Background to the report
Flooding and coastal erosion put lives, livelihoods and people’s well-being at risk. The Environment Agency (EA) estimates that 5.2 million homes and businesses in England are at risk of flooding and that around 700 properties are vulnerable to coastal erosion over the next 20 years. In addition, more than two thirds of properties in England are served by infrastructure sites and networks located in (or dependent on others in) areas at risk of flooding. The Met Office’s UK climate projections show more extreme weather events and sea level rises resulting from climate change. This, when combined with increased housing development, will heighten flooding and coastal erosion risks.
The EA was set a target to provide better protection for 300,000 homes through its investment from 2015 to 2021. In July 2020, the government issued a ministerial policy statement setting out its priority to create a more resilient nation to meet the challenges of flooding and coastal erosion. This replaced the previous statement, which was published in 2009. Alongside it, EA laid its new strategy in Parliament, which was then published in September 2020. It sets out the vision for “a nation ready for, and resilient to, flooding and coastal change – today, tomorrow and to the year 2100”, and supersedes the previous strategy published in 2011.
Scope of the report
This report evaluates whether government’s approach to managing the risks of flooding and coastal erosion is achieving value for money in three parts:
- Part one covers whether the current risk management arrangements provide strong and effective oversight, challenge and direction.
- Part two looks at what government has achieved in the period 2015–2021 and the extent to which it has used available funds to reduce flood and coastal erosion risks and measure progress.
- Part three examines government’s preparedness to manage and reduce flood risk when a new expanded investment programme begins in 2021.
The report covers flood risk management in England. It does not cover government’s emergency response to flooding, issues relating to flood insurance, planning regulations or the management of coastal erosion. In addition to this report, we have produced an interactive data visualisation, which presents a range of information on flood risk management in England.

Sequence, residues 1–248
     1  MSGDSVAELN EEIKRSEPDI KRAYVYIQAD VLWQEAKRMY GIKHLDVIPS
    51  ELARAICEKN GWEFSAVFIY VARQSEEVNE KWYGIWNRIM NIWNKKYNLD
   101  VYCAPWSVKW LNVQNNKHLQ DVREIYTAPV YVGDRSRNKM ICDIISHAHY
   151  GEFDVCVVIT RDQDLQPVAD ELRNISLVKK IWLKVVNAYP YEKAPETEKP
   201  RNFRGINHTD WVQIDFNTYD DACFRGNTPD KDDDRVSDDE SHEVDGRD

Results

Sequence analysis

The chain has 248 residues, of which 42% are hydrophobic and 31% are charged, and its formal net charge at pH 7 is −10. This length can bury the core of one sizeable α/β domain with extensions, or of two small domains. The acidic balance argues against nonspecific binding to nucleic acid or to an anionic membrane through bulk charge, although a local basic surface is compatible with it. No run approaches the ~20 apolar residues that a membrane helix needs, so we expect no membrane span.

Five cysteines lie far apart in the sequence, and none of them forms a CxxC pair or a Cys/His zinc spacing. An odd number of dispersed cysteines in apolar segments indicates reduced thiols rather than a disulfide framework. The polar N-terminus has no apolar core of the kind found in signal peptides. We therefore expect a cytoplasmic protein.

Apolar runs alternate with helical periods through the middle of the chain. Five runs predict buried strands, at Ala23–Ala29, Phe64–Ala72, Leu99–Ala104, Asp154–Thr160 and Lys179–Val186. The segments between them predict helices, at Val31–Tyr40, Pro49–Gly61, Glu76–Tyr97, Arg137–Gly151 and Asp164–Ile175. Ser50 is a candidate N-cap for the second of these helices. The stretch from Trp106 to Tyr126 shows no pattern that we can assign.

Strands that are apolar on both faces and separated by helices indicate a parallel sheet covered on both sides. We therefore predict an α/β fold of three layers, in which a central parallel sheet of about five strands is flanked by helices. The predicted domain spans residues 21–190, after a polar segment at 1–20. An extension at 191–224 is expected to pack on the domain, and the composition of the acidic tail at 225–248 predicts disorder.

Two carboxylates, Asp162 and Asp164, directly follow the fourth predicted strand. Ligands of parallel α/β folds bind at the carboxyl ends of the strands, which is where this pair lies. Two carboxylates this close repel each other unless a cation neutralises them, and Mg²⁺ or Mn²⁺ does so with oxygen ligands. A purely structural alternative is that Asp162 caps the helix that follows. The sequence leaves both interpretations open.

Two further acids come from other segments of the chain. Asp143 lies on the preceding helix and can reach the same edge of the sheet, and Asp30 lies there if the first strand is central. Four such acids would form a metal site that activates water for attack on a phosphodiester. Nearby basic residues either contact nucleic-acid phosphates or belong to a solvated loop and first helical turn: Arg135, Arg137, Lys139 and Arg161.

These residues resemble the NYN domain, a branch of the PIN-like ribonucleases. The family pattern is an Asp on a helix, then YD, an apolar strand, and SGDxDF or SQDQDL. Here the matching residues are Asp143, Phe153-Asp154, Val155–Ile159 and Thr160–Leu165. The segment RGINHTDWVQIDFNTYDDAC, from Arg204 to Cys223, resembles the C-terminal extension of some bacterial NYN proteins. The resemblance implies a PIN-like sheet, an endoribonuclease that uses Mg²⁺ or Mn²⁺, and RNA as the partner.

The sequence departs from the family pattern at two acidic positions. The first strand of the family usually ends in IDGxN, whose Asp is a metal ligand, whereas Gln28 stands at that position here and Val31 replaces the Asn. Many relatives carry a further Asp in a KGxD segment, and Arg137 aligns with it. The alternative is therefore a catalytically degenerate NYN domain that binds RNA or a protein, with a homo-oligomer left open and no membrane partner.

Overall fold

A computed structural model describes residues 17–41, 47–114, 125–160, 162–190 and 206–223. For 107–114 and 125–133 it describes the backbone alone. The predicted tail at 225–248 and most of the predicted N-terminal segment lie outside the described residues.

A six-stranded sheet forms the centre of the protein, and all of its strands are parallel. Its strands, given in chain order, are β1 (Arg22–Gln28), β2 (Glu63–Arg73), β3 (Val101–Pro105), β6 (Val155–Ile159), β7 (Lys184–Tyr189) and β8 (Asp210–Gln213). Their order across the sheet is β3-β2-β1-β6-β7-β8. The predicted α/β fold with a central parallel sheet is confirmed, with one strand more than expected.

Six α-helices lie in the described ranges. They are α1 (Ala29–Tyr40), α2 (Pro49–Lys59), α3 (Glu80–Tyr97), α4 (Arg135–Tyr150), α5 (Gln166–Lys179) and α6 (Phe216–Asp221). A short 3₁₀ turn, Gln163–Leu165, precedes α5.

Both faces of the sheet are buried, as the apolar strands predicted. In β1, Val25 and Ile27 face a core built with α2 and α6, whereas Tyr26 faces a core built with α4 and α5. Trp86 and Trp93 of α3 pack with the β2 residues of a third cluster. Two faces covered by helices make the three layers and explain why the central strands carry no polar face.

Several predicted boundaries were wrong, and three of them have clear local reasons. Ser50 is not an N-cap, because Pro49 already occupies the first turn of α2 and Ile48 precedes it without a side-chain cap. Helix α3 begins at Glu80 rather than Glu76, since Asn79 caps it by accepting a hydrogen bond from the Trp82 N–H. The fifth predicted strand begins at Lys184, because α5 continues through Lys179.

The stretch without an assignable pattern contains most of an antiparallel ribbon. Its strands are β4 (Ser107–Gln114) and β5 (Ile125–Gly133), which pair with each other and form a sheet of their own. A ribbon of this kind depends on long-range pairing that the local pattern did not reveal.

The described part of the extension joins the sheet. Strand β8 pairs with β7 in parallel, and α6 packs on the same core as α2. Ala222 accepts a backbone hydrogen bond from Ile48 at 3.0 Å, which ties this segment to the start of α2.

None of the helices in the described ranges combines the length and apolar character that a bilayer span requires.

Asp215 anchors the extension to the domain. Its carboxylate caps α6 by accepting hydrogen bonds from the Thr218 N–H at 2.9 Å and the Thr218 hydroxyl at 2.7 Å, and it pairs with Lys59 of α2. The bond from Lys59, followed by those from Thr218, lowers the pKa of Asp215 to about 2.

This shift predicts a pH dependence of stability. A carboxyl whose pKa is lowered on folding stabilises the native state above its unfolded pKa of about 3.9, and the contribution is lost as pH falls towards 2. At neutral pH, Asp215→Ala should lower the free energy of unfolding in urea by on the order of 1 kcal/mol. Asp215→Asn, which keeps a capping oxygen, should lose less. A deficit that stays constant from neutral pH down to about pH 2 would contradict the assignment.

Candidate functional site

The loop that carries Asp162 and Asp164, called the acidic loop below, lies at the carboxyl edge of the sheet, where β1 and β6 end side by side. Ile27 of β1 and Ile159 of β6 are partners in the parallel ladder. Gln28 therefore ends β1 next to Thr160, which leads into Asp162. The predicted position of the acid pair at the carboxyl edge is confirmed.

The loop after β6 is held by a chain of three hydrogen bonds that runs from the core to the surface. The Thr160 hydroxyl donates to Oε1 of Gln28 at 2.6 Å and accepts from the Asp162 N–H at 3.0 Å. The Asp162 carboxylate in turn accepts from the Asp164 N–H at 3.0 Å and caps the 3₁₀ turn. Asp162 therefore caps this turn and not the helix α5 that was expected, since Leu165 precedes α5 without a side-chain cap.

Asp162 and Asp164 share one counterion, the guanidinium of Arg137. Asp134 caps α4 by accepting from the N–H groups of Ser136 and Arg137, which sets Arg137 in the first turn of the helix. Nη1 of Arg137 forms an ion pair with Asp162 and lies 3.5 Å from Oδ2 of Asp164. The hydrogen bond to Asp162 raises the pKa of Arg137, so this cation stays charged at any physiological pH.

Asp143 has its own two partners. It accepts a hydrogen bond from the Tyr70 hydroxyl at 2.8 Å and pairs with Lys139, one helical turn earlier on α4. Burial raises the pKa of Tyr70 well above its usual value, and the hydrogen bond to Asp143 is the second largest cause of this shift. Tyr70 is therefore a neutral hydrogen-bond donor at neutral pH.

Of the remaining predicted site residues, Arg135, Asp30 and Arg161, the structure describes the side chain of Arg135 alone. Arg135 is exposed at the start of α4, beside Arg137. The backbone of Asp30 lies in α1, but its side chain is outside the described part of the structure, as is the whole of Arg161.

Between 2015 and 2021, government will have invested £2.6 billion in flood defences. EA is on track to meet government’s aim to better protect 300,000 homes, has secured more than £500 million of partnership funding to supplement the programme and expects to achieve an estimated benefit–cost ratio across the programme of 8:1 over this period. However, Defra’s narrow focus on the homes better protected target has not necessarily produced the best return on investment and does not represent the full picture. As we approach the end of the current investment period, government does not have a comprehensive measure to demonstrate whether the overall level of flood risk in England is lower now than it was at the start of the programme.
Over the next six-year period starting in April 2021, government’s capital investment is set to increase substantially to £5.6 billion, with the aim of providing better protection for 336,000 properties and the expectation that the programme will reduce overall flood risk by up to 11%. While the new policy statement and EA strategy are an important step forward, with the new investment period about to begin, Defra has yet to provide full details of what it aims to achieve from the programme, how the programme will be managed and what indicators it will use to measure progress. Unless it develops these, alongside a more robust measure of its progress in reducing flood risk, Defra will not be able to demonstrate convincingly to Parliament that future investment is achieving value for money.